Cliffs Natural Resources oft-delayed chromite project in Ontario’s Ring of Fire region also ranked highly on the list, with a score of 4.1 out of 5.
The surrounding First Nations in northern Ontario have many concerns about the impact of a giant mining development on their land and traditional way of life. They say an environmental review of the project was too weak.
Cliffs has cited frustration with hold-ups from government and First Nations fordelaying and potentially cancelling the project, saying if it is forced to walk away, it will send a bad signal about Canada’s mining climate.
Some ever-controversial oilsands projects rounded out the riskiest Canadian projects.Kinder Morgan’s Trans Mountain Pipeline, the Apache/Chevron/EOG Pacific Trails Pipeline, as well as Murphy Oil’s Alberta Bakken project and its Peace River Oil Sands project were assigned a risk rating of four.
Canada’s oil industry looks to governments to settle issues on land claims, treaty rights, traditional territories, consultation processes and royalty/revenue-sharing positions, said Canadian Association of Petroleum Producers spokeswoman Geraldine Anderson, adding CAPP wouldn’t comment specifically on the report.
The clash between resource extraction and indigenous rights is expected to become more pronounced in the coming years as indigenous people increasingly see their rights enshrined at national and international levels and exercise them more effectively.
At the same time, a shrinking number of available resource discoveries means companies are pushing into more remote regions and Indigenous lands.
The study found that most of the 52 companies studied were ill-prepared to engage and work with indigenous people — a whopping 90 per cent of them had no clear indigenous policy at all.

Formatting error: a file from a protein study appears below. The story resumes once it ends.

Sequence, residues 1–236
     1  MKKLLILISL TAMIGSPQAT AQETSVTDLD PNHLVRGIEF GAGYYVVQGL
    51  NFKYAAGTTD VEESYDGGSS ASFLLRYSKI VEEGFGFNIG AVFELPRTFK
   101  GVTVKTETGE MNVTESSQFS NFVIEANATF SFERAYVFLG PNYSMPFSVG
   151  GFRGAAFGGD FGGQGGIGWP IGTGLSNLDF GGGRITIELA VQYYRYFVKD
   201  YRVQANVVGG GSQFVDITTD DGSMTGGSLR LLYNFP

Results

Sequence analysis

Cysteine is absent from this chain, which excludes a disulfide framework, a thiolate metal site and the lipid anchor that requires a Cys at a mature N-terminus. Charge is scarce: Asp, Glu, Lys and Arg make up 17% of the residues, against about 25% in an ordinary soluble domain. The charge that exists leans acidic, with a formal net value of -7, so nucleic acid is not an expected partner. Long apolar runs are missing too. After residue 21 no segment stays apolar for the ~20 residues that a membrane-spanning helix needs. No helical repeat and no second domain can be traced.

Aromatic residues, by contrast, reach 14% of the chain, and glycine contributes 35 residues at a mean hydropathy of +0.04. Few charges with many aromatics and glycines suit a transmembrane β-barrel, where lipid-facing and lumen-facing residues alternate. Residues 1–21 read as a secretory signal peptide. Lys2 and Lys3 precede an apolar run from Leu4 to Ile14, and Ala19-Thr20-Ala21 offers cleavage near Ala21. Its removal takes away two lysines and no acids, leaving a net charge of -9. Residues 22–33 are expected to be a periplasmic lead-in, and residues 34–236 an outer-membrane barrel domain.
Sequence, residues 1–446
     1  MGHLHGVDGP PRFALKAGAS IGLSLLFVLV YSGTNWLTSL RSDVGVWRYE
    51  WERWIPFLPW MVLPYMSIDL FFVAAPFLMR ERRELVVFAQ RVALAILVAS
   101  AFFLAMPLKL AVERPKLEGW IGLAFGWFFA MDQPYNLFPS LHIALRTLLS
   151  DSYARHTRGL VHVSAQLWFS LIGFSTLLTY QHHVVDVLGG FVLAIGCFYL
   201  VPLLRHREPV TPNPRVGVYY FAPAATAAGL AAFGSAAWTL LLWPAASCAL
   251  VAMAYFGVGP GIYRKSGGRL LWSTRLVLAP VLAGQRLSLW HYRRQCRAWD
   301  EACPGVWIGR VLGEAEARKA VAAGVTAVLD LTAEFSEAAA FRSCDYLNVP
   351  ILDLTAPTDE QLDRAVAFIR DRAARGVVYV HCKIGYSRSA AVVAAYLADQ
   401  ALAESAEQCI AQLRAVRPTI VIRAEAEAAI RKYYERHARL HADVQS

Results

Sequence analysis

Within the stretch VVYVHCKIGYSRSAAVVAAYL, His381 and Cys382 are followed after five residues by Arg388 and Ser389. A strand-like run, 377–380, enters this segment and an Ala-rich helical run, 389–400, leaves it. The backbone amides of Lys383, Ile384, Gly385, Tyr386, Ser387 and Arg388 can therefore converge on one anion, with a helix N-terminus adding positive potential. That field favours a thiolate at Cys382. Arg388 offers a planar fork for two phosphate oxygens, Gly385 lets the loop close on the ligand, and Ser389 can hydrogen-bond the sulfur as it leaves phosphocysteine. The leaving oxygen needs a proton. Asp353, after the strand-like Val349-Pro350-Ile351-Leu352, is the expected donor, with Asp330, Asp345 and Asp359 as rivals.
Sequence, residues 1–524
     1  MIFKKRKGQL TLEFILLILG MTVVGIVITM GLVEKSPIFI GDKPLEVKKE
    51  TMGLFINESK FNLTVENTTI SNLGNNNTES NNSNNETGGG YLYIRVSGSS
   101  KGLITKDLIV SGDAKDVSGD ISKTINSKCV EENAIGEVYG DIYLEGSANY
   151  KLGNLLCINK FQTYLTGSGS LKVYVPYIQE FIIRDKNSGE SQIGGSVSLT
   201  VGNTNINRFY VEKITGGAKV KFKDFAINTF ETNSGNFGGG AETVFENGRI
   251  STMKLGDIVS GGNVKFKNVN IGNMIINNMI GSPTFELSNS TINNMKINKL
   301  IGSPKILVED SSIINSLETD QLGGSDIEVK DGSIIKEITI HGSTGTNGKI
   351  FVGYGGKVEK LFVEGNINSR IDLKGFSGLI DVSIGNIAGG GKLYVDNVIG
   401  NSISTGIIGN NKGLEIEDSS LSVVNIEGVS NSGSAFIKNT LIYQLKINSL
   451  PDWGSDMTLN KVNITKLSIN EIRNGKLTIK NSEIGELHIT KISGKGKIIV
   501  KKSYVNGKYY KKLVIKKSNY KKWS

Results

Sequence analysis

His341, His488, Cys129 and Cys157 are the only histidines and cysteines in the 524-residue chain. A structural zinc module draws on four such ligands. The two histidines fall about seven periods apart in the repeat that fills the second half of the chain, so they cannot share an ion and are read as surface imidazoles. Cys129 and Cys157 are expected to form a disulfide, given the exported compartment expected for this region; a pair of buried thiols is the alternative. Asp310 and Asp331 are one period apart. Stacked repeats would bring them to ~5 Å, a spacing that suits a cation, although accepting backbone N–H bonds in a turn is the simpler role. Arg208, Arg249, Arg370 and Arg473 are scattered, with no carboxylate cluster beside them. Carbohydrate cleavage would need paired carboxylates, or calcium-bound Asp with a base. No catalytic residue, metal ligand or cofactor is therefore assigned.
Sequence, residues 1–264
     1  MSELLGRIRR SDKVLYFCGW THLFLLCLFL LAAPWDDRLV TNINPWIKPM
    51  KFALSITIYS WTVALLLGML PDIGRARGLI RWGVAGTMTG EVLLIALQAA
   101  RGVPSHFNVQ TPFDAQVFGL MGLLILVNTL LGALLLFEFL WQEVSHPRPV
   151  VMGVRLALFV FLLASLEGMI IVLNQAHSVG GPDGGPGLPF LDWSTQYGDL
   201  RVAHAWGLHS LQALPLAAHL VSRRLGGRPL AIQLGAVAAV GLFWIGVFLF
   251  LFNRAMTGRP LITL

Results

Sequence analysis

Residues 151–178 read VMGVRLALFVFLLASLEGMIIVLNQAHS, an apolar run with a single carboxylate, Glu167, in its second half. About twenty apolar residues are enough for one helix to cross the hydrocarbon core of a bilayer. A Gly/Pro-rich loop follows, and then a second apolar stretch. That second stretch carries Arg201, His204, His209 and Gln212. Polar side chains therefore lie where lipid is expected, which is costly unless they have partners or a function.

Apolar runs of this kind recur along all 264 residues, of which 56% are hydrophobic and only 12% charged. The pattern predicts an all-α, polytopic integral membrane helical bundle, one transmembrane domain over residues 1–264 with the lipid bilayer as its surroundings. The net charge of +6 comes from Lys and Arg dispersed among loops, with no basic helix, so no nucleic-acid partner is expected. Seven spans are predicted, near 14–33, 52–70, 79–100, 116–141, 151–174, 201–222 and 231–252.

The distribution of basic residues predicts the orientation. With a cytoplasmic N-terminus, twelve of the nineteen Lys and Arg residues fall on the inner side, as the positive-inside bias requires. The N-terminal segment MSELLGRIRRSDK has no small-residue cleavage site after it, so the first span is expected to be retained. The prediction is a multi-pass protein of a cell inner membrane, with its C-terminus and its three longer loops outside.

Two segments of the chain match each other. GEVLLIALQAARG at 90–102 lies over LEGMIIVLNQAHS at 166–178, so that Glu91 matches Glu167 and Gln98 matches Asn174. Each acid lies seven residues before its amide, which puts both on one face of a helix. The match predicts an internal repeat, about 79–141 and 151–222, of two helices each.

The report says the moral imperative alone has not been effective in forcing companies and governments to respect indigenous rights. The group aims to show companies that there are good financial reasons to accommodate aboriginal communities, namely avoiding protests, bad press and legal battles.
- UN: Canada faces crisis over indigenous issues (boston.com)
- Aboriginal Consultations Bypassed (indigenouscanada.wordpress.com)
- United Nations envoy arrives in Canada to document Aboriginal concerns (mining.com)
- First Nations aren’t swayed by vague promises (theglobeandmail.com)
Women lead a march at Elsipogtog. Photo via Twitter.
In the mid-1990s I moved to Mi’gma’gi to go to graduate school. I was expecting to learn about juvenile Atlantic salmon on the Miramichi River. I was naive and misguided. Fortunately for me, the Mi’kmaq people saw that in me and they taught me something far more profound. I did my first sweat in the homeland of Elsipogtog, in the district of Siknikt. I did solidarity work with the women of Elsipogtog, then known as Big Cove, as they struggled against imposed poverty and poor housing. One of them taught me my first song, the Mi’kmaq honor song, and I attended her Native Studies class with her as she sang it to a room full of shocked students.
I also found a much needed refuge with a Mi’kmaq family on a nearby reserve. What I learned from all of these kind people who saw me as an Nishnaabeg in a town where no one else did, was that the place I needed to be wasn’t Mi’gma’gi, but in my own Mississauga Nishnaabeg homeland. For that I am grateful.